Sports journalism is often very innovative as The Guardian demonstrates with the use of liveblogging. The future of sports coverage will be even more spectacular.  Davies quotes The Guardian’s sports editor Ian Prior as saying: “VR could have major ramifications for live sport experiences and really drive the next iteration of journalism.”

The New York Times recently sent Google Cardboard virtual headsets to its subscribers. In combination with the app NytVR people can experience news coverage about the refugee crisis and the Paris terror attacks in a far more immersive way.

What should you do in order to keep a close eye on the virtual reality breakthrough?

  • Get Google Cardboard It is cheap and gives access to a lot of interesting virtual reality content, it works with most smartphones.
  • Consider buying Samsung Gear VRThis headset works with Samsung smartphones and it powered by Oculus Rift.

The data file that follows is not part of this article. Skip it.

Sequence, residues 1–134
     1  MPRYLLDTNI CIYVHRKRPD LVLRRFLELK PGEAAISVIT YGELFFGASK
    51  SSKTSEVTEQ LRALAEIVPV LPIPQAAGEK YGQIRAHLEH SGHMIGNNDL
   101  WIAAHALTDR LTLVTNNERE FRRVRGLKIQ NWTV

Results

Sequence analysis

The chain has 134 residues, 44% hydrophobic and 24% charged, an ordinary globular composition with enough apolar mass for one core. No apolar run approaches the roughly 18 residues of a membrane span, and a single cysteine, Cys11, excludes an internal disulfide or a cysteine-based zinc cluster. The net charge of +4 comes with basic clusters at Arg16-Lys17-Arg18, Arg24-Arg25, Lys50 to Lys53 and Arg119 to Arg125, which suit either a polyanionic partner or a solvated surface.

• Wait for Oculus Rift VR headset –  It will be available for consumers in Q1 201 and you’ll need a gaming PC to get access to a premium quality virtual reality experience.

Summary

Virtual Reality will start going mainstream in 2016, if you want to be part of the action, invest now in getting hands-on experience with it.

 I got inspired for this post as a participant in the Social Media Marketing course at Coursera, created by Northwestern University. Feel free to reach me at @rolandlegrand on Twitter. 

 

Understanding Google, embeddable content and MOOCs

googlecourseWhat makes mobile so transformative? Why is Google a revolutionary company? These are questions asked and answered in the Coursera course
Understanding Media by Understanding Google. Professor Owen R. Youngman (Northwestern University) focuses during six weeks on Google and what makes it so important, not just for media people but for all of us. If you use a smartphone or a social network, you should know why these technologies are so much more than gadgets. The course offers the typical talking head videos but professor Youngman also adds his talent as a curator by selecting half a dozen books and many press articles dealing with fundamental aspects of Google – and of course both highly critical and more jubilant commentators are being discussed.

MOOCs and embeddable content